He served as the Duane and Kelly Roberts Dean of the Pepperdine School of Law from 2004 to 2010 and as President and Chancellor of Baylor University from 2010 to 1016. According to the current president of Pepperdine, Jim Gash, “Starr’s vision for Pepperdine was global…I am profoundly grateful for Ken’s friendship, mentorship, counseling, guidance and encouragement.” Starr also held leadership roles on many non-profit boards, including Advocates International, Christian Legal Society and the Alliance Defending Freedom Advisory Board. Throughout his professional career, he championed the cause of religious liberty and freedom of conscience for all persons.

Kenneth Winston Starr was born July 21, 1946, to William D. Starr and Vannie Trimble Starr. He grew up in San Antonio where his father was a barber and minister. After graduating from San Antonio’s Sam Houston High School, he earned his B.A. from George Washington University (while working part-time on Capitol Hill for Congressman Bob Price). He earned a Master of Arts in Political Science from Brown University and his Juris Doctor degree from Duke University Law School where he was Order of the Coif and served as Note and Comment Editor on the Duke Law Journal. He and Alice Jean Mendell of Mamaroneck, New York were married on August 23, 1970, one week before he began law school. He was admitted to practice law in Texas, California, the District of Columbia, Virginia, and the United States Supreme Court.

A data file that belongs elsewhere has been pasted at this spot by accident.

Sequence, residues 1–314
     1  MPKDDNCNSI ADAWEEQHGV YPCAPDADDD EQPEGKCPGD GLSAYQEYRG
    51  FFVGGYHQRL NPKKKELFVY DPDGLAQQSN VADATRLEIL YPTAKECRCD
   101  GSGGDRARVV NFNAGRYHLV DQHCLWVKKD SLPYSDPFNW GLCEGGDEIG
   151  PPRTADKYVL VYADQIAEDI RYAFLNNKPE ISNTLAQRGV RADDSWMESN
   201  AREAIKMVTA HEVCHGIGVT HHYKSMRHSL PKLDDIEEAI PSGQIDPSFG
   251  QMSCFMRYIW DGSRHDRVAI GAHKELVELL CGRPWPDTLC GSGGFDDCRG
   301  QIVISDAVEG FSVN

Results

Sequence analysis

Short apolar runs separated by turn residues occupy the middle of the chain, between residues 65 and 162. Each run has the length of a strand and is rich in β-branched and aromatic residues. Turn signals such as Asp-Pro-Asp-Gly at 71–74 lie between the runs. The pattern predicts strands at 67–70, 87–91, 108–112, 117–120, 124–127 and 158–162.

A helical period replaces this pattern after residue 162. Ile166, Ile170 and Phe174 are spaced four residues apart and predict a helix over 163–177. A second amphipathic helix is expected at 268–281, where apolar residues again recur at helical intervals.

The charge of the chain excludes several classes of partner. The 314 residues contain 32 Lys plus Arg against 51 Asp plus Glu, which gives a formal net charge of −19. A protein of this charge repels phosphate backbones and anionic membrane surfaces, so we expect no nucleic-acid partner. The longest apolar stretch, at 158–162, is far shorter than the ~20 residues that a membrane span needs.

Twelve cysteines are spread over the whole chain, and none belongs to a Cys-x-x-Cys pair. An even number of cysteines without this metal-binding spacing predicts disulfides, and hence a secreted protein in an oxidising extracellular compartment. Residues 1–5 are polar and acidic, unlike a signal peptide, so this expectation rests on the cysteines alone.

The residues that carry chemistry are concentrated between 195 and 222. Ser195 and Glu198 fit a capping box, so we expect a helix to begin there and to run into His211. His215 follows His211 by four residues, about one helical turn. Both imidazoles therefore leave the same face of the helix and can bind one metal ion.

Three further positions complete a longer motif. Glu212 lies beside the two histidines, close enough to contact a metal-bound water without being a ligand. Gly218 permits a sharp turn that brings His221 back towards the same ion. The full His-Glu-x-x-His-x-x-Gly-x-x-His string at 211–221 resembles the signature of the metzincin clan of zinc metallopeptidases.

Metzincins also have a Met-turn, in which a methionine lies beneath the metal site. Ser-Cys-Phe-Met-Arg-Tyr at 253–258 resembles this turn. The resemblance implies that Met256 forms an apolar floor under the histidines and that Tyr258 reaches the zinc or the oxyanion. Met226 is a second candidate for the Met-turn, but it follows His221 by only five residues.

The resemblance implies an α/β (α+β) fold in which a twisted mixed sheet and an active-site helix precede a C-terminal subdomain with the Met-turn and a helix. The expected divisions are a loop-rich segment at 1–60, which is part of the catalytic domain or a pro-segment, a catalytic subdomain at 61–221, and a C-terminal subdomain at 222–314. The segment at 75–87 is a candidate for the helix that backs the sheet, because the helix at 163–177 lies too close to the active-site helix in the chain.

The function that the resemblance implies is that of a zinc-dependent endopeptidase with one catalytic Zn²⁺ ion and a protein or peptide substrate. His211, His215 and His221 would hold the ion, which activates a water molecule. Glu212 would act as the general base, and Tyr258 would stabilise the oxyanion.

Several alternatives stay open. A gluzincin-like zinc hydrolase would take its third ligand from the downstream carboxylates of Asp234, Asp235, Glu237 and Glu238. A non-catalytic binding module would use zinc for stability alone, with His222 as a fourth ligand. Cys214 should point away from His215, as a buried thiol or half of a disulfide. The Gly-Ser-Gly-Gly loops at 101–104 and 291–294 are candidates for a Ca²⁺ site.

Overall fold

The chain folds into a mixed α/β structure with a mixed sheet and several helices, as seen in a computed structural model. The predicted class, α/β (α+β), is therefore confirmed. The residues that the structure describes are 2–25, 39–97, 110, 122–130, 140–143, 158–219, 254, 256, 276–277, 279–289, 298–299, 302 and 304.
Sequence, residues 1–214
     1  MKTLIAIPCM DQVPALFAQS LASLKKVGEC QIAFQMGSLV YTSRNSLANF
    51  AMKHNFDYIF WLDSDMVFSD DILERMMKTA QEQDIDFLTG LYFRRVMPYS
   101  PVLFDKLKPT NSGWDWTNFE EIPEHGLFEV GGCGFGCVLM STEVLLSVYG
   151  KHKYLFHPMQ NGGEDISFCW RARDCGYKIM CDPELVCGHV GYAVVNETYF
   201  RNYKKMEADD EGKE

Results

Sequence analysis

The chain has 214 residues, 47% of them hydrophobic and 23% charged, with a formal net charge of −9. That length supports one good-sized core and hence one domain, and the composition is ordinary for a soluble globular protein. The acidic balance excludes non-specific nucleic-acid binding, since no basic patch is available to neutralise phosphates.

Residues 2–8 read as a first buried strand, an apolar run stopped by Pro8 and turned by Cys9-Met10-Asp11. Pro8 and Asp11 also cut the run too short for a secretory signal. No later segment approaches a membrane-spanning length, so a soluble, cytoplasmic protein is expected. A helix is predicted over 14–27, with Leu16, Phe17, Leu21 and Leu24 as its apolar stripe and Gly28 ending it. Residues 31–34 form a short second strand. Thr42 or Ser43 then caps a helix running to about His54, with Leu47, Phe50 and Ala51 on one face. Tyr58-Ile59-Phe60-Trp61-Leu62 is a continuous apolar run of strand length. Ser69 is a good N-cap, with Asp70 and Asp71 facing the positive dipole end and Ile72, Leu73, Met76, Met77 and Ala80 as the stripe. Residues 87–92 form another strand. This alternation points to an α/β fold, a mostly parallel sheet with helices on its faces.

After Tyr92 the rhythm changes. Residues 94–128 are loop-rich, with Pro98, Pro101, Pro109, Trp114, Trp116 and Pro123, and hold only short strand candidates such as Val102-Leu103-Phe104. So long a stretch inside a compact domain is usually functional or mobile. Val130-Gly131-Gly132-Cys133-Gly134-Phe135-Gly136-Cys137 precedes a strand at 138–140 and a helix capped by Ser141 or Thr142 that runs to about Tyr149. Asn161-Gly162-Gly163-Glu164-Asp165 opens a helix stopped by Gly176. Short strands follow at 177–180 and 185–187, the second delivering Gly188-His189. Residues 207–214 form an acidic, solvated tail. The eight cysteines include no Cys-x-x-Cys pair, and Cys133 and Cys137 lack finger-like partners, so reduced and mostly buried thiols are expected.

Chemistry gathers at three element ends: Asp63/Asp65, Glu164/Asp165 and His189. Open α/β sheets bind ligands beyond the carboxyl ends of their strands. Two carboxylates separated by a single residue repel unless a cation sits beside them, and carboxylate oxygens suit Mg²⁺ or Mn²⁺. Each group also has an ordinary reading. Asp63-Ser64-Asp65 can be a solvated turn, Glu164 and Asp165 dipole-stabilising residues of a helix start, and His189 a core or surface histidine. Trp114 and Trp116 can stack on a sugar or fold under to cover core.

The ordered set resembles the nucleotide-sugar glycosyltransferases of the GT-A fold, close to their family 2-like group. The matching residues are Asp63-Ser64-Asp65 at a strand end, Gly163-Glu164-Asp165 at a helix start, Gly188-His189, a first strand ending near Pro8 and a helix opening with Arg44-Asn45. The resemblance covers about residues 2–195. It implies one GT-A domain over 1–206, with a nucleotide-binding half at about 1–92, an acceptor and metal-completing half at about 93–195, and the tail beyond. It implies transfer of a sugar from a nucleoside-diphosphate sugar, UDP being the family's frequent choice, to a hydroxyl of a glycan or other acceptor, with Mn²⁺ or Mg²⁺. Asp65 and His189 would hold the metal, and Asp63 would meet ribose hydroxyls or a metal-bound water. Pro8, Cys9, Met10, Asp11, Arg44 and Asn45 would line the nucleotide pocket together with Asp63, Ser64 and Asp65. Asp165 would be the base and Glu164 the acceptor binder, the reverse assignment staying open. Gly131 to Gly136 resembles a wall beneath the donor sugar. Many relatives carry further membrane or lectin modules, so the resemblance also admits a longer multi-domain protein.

Starr was author of many articles and several highly acclaimed books: Religious Liberty in Crisis: Exercising Your Faith in an Age of Uncertainty was described by best-selling author Os Guinness as “seasoned, wise, magisterial, and gracefully written — a comprehensive judge’s tour of the religious freedom horizon;”  First Among Equals: The Supreme Court in American Life, was praised by U.S. Circuit Judge David B. Sentelle as “eminently readable and informative…not just the best treatment to-date of the Court after Chief Justice Earl Warren, it is likely to have that distinction for a long, long time;”  Bear Country: The Baylor Story and Contempt: A Memoir of the Clinton Investigation (a New York Times best seller in 2018).

He received numerous honors and awards, including the Edmund Randolph Award for Outstanding Service in the Department of Justice, the Attorney General’s Award for Distinguished Service, the J. Reuben Clark Law Society 2005 Distinguished Service Award, the 2004 Capital Book Award, and the Jefferson Cup award from the FBI. He received honorary doctoral degrees from American University, Hampton Sydney College, Shenandoah University, and Pepperdine University.

Starr is survived by his beloved wife Alice Mendell Starr, to whom he was married for 52 years. They lived in Northern Virginia, California and most recently Waco, Texas. In addition, he is survived by his three children…plus nine precious grandchildren.

Starr will be buried at the Texas State Cemetery in Austin. Visitation will be held at Wilkirson Hatch Bailey in Waco on Friday, September 23 from 4:00 – 7:00 pm. A memorial service for family only will be held at Antioch Community Church in Waco on Saturday, September 24 at 3:00 pm. Jimmy Seibert, senior pastor of Antioch, said of Ken’s life, “The world will remember Ken Starr as a brilliant thinker, leader, and defender of truth and justice. I will remember Ken Starr as a devoted personal friend and a man of sincere and deep faith. Thank you, Ken, for your love of God, your love of family and your love for all of us. You will always be remembered in American history, but you will be specifically remembered in our hearts.”

Thank you, Ken, for your dedication, your passion and for the many decades of selfless service to our country. At First Liberty Institute, you will always be cherished and remembered.

*Sections of this statement have been edited for length.